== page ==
LITTLE ROCK, Ark. – The University of Arkansas for Medical Sciences has performed the first transplant from an HIV-positive donor to an HIV-positive recipient in the state.
According to a news release by UAMS sent Thursday, Emmanouil Giorgakis, M.D., completed the kidney transplant from a deceased person who had the human immunodeficiency virus in May.
The recipient of the kidney is Richard Poston, 46. According to UAMS officials, Poston was immediately able to stop dialysis treatments he had been receiving three times a week for about three years.
Poston was diagnosed with HIV in 2011 after he developed cryptococcal meningitis, which is an inflammation of the brain and spinal cord membranes. Health officials say the infection attacked his optic nerve, causing him to go blind. In 2018, he started experiencing dizziness and disorientation and needed a cane to walk. UAMS officials say Poston was diagnosed with kidney failure after a trip to the emergency room.
Poston said he did not have qualms about about receiving a kidney from an HIV-positive donor.
“I knew I needed a kidney, and I knew that when you get an organ, the doctors have really looked it over,” Poston said.
Poston said since the transplant last month, he is not experiencing the dizziness that was making it hard for him to function.
“It’s changed my life,” Poston said.
“He’s doing very well,” Giorgakis said.
The transplant was performed as part of a national clinical trial led and sponsored by Johns Hopkins Hospital in Baltimore and made possible by the HIV Organ Policy Equity (HOPE) Act that was passed by Congress in 2013. The law allows transplant teams in the country with approved research protocol to transplant organs from compatible HIV-positive donors to eligible HIV-positive recipients who need a transplant and have agreed to take part in the study.
While the law was enacted in 2013, it did not become effective until November 2015. The first deceased donor HOPE transplants in the United States happened in 2016.
If left untreated, HIV causes acquired immune deficiency syndrome (AIDS), which is a condition that leaves the body defenseless against infections. Improvements in antiretroviral treatments over the years have allowed people with HIV to live normal life spans, according to health officials.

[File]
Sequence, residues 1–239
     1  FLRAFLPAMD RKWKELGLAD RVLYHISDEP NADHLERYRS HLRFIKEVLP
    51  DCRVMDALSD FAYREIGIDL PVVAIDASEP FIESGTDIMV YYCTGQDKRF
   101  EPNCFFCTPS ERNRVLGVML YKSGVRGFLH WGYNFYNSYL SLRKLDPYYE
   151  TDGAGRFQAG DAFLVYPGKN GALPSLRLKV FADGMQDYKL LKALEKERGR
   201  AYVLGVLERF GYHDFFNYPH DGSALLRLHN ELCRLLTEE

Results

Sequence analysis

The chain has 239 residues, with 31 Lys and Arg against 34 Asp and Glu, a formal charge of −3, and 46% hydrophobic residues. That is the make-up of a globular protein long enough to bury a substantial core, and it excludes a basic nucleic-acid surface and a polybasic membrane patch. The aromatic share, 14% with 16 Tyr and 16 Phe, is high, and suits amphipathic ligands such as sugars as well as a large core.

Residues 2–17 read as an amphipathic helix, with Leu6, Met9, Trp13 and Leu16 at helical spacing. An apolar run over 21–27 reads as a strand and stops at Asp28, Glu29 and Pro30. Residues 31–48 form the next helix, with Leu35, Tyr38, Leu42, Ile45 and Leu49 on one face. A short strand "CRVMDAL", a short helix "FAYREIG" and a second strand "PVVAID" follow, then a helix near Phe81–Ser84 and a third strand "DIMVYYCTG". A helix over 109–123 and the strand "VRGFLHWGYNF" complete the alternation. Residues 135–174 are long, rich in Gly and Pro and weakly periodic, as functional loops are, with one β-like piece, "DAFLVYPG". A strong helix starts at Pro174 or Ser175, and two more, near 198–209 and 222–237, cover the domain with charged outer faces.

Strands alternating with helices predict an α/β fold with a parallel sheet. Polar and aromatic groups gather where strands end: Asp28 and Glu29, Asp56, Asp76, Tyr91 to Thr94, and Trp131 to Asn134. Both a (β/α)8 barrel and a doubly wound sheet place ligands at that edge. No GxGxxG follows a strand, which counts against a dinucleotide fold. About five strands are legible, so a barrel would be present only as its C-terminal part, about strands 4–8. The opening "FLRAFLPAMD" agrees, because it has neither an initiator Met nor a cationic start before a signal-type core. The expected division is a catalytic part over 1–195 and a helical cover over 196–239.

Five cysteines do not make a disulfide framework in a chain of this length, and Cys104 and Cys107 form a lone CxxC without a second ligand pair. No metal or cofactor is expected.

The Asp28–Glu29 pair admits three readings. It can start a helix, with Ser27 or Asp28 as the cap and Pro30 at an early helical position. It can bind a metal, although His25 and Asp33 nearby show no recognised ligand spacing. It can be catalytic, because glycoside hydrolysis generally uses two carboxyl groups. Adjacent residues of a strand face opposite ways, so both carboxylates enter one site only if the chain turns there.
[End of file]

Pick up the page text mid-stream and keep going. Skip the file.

UAMS officials say the hospital is one of 27 transplant centers across the country that are taking part in the HOPE in Action clinical trial. The pilot study evaluates the safety of donating kidneys from HIV-positive deceased donors to HIV-positive recipients.
UAMS operates the only adult liver and kidney transplant program in Arkansas.
UAMS officials note they are also one of 17 transplant centers across the state participating in the HOPE in Action Trial of HIV-positive deceased donor liver transplants for HIV-positive recipients.
The hospital is currently searching for candidates of HIV-positive adults in need of a liver or kidney transplant to be enrolled in the program.
“There are over 120,000 patients on the waiting list for a kidney in the United States, and about 10,000 of those are HIV-positive patients,” Giorgakis said. “HIV-positive patients have a higher risk of kidney failure and carry a three-fold risk of death while on dialysis compared to their HIV-negative counterparts.”
According to Giorgakis, there have been 100 HIV-to-HIV kidney transplants performed across the country during the clinical trial.
“In this multicenter pilot study, so far, overall transplant and HIV outcomes have been excellent, with no HIV breakthrough attributable to receiving an HIV-positive donor kidney,” Giorgakis said. “We have a high prevalence of HIV in the South, which means we have a relatively high number of HIV-positive patients with renal failure, and therefore in need of a lifesaving transplant.”